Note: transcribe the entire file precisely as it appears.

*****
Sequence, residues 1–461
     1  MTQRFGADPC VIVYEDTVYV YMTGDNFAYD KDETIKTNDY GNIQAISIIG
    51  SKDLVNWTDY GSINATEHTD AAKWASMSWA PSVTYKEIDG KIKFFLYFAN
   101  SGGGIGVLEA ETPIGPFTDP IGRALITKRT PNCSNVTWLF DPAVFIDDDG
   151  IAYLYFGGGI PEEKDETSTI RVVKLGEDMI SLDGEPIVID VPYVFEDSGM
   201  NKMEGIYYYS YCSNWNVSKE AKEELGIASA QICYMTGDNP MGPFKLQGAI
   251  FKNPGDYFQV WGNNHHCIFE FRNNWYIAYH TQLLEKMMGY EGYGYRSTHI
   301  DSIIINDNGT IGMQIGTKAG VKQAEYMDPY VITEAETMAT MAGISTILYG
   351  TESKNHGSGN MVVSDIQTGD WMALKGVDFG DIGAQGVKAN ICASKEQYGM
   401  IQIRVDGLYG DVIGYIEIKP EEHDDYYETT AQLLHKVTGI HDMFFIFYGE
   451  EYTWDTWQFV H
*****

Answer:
Sequence, residues 1–461
     1  MTQRFGADPC VIVYEDTVYV YMTGDNFAYD KDETIKTNDY GNIQAISIIG
    51  SKDLVNWTDY GSINATEHTD AAKWASMSWA PSVTYKEIDG KIKFFLYFAN
   101  SGGGIGVLEA ETPIGPFTDP IGRALITKRT PNCSNVTWLF DPAVFIDDDG
   151  IAYLYFGGGI PEEKDETSTI RVVKLGEDMI SLDGEPIVID VPYVFEDSGM
   201  NKMEGIYYYS YCSNWNVSKE AKEELGIASA QICYMTGDNP MGPFKLQGAI
   251  FKNPGDYFQV WGNNHHCIFE FRNNWYIAYH TQLLEKMMGY EGYGYRSTHI
   301  DSIIINDNGT IGMQIGTKAG VKQAEYMDPY VITEAETMAT MAGISTILYG
   351  TESKNHGSGN MVVSDIQTGD WMALKGVDFG DIGAQGVKAN ICASKEQYGM
   401  IQIRVDGLYG DVIGYIEIKP EEHDDYYETT AQLLHKVTGI HDMFFIFYGE
   451  EYTWDTWQFV H